Volume > Issue > The Marx Brothers as a Sign of God?

The Marx Brothers as a Sign of God?


By Robert E. Lauder | April 1986

Viewing the new films by author/directors Paul Mazursky and Woody Allen provides students of contemporary film an especially timely stimulus for critical thinking. Mazursky and Allen began their double duty roles in filmmaking at the same time: Mazursky co-authored and directed Bob and Carol and Ted and Alice, and Allen wrote and di­rected Take the Money and Run. Though in 1969, when the two films appeared, I would have bet that Mazursky would become the more significant artist, over the years he has grown little while Al­len’s growth as a creative artist is nothing short of astounding.

A Mazursky film is never a complete waste. In films such as Alex in Wonderland (1970), Blume in Love (1973), Harry and Tonto (1974), Next Stop, Greenwich Village (1976), An Unmarried Woman (1978), and Moscow on the Hudson (1984), Ma­zursky has satirized much of contemporary life and has almost always tried to insert a serious point in­to the comical proceedings The assets of a Mazur­sky film are its humor and the performances. The problem with a Mazursky film centers on his mes­sages: he consistently seems either to be reaching beyond his depth or to be sacrificing his statements for commercial reasons. Viewing a Mazursky film, I have the feeling that it was created with one eye on the box office.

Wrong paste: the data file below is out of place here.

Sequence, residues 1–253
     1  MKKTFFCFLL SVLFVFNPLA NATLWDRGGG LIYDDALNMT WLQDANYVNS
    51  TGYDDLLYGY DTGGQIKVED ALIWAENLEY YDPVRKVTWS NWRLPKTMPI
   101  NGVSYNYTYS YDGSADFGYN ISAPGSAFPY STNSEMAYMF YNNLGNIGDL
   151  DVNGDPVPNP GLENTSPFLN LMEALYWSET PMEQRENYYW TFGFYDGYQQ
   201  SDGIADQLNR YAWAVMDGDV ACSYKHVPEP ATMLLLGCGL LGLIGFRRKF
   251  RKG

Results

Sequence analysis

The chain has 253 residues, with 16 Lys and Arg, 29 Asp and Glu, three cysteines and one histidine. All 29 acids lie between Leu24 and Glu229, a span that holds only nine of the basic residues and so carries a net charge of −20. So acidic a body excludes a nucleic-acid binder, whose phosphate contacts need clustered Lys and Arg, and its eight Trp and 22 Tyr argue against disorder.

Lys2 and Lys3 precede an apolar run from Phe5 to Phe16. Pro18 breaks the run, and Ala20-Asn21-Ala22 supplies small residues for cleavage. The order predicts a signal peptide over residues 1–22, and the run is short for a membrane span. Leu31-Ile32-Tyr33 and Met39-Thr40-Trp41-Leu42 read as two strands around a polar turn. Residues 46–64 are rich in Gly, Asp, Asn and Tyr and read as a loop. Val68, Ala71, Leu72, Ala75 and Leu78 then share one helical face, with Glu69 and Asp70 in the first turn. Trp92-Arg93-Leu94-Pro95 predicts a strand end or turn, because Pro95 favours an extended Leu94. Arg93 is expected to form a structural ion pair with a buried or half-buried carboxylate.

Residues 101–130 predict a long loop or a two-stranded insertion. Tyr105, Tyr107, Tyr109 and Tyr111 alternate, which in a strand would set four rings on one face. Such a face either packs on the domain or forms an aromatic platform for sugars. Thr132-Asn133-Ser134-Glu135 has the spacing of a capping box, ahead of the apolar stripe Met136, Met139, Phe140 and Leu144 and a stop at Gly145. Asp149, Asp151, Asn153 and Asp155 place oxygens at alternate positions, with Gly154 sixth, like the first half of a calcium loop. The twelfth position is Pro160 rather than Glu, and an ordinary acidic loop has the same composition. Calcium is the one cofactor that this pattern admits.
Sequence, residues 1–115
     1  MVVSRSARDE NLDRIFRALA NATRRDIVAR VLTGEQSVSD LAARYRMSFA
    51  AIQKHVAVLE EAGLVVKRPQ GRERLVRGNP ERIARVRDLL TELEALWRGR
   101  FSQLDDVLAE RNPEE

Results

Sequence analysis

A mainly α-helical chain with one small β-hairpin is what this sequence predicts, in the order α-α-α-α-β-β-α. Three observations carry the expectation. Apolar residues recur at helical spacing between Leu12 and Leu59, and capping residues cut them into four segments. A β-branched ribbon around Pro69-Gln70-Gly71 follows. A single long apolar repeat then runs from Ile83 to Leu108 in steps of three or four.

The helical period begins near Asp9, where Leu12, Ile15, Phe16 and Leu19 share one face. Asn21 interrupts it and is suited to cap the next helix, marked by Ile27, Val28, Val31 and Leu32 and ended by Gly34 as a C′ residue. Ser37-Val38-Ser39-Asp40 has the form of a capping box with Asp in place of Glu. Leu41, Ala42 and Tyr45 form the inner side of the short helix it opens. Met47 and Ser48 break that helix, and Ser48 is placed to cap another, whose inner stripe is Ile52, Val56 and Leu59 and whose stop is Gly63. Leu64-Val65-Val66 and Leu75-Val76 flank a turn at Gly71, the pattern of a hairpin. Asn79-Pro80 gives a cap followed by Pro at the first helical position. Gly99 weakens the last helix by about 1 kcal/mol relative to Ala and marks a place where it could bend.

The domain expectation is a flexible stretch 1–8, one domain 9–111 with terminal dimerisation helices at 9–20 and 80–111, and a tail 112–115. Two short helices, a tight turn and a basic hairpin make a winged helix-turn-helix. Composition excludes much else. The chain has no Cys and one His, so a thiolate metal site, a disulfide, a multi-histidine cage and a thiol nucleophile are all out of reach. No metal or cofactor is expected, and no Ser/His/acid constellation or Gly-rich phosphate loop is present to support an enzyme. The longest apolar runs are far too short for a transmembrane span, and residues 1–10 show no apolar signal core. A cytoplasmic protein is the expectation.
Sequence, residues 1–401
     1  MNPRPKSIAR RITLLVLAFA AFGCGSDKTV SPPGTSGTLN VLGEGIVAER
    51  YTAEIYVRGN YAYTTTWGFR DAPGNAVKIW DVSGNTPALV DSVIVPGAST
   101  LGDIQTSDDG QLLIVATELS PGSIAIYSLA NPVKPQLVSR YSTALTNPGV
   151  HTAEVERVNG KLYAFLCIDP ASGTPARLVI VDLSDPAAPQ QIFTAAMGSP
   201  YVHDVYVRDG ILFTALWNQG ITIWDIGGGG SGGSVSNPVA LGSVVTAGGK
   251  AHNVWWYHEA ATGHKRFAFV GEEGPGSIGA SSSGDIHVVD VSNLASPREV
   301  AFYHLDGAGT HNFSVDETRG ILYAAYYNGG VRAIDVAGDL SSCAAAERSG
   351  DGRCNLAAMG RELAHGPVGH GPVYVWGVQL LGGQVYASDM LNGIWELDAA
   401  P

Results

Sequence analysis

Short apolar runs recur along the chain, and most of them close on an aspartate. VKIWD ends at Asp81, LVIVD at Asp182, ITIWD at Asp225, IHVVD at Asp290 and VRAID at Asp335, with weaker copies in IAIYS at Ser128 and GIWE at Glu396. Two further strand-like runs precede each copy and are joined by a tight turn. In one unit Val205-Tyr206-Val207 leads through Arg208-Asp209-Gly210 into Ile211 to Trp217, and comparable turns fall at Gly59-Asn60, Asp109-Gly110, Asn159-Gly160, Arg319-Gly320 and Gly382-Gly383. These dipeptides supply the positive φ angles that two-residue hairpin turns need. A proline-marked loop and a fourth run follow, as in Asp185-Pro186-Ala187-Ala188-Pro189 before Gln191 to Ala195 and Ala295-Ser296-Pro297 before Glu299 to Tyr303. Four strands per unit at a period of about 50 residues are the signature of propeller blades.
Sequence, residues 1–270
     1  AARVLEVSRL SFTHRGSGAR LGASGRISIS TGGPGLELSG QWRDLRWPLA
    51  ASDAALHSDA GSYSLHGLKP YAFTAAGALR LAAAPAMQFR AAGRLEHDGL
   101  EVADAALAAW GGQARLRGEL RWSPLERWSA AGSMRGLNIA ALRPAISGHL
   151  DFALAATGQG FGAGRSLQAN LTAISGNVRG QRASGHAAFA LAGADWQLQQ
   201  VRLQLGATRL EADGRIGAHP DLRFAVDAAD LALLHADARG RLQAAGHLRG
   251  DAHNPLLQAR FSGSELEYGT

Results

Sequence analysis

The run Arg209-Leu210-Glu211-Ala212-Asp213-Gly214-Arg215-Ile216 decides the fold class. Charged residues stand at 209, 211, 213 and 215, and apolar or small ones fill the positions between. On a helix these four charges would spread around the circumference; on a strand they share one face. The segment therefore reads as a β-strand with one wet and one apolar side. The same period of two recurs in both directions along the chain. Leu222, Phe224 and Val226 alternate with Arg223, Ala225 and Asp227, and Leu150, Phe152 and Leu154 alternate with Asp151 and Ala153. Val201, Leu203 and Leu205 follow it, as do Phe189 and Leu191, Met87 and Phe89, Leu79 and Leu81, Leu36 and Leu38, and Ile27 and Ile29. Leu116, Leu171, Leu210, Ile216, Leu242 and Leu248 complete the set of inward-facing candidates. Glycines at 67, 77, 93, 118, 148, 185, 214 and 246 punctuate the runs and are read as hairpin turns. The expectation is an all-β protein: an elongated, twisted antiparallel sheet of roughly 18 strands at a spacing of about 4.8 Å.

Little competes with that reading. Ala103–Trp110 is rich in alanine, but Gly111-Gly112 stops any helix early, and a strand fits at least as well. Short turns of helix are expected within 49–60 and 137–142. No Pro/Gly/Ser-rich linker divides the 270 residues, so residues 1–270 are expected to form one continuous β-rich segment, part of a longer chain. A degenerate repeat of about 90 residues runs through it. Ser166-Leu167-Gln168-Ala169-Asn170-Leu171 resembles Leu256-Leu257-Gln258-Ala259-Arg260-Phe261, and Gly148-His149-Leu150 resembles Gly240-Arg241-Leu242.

Down and Out in Beverly Hills is quintessen­tial Mazursky. At times the film is quite humorous. The plot centers on wealthy Dave Whiteman (Rich­ard Dreyfuss), who saves derelict Jerry Baskin (Nick Nolte) when the latter, wandering around Beverly Hills, tries to drown himself in Whiteman’s pool. Housed, clothed, and fed by Whiteman, Bas­kin then becomes a kind of mini-savior for Dave’s wife, Barbara (Bette Midler), Dave’s sexually con­fused teenage son, and his radical daughter. Open­ing shots of the Whitemans’s peach-colored house, peach-colored both inside and out including his-and-her peach-colored refrigerators in Dave and Barbara’s bedroom, set the stage for the superficial relationships among family members, who, though materially rich, seem emotionally impoverished and spiritually bankrupt.

As the film moves toward its climax we dis­cover that Jerry has been conning each member of the family, playing whatever role he perceives each of them wants him to play. When the denouement takes place, it’s Mazursky’s “message moment,” but the message is mystifying and is conveyed with no dramatic power. The film does not end as much as stop. Mazursky’s career has been a commercial suc­cess and my guess is that Down and Out in Beverly Hills will make big profits, but as a creative artist this Brooklyn-born author/director continues to be a disappointment.

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